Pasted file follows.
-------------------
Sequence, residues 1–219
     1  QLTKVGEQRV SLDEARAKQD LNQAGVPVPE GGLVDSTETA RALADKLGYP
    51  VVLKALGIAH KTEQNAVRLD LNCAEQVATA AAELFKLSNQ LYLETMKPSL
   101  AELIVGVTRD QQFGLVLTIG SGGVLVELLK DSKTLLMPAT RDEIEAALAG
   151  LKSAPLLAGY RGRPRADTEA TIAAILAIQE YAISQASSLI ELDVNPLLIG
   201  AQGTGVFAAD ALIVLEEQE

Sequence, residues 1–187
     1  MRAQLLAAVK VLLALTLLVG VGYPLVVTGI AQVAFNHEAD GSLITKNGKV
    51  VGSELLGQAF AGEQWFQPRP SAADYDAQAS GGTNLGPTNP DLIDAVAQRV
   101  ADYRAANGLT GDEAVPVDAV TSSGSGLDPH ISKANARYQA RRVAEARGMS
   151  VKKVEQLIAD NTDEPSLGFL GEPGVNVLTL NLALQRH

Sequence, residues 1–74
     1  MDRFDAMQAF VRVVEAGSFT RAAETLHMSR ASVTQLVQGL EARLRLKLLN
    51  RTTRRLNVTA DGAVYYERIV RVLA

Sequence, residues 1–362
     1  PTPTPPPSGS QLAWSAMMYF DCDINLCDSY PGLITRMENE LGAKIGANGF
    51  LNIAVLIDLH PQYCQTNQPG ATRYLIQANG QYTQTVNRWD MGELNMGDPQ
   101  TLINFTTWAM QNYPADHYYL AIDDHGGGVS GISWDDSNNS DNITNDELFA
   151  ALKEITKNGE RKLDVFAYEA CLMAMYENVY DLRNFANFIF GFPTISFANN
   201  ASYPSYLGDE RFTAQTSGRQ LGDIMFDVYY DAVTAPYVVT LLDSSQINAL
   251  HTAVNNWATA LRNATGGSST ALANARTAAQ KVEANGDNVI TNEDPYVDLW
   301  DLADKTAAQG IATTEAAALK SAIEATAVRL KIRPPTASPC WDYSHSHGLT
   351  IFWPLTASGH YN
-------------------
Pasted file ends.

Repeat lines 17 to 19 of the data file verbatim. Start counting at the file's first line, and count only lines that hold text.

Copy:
    51  LNIAVLIDLH PQYCQTNQPG ATRYLIQANG QYTQTVNRWD MGELNMGDPQ
   101  TLINFTTWAM QNYPADHYYL AIDDHGGGVS GISWDDSNNS DNITNDELFA
   151  ALKEITKNGE RKLDVFAYEA CLMAMYENVY DLRNFANFIF GFPTISFANN